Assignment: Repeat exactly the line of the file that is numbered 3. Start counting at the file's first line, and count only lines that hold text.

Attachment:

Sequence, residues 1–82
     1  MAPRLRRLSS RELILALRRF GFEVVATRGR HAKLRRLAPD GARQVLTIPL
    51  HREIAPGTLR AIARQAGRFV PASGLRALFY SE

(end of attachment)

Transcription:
    51  HREIAPGTLR AIARQAGRFV PASGLRALFY SE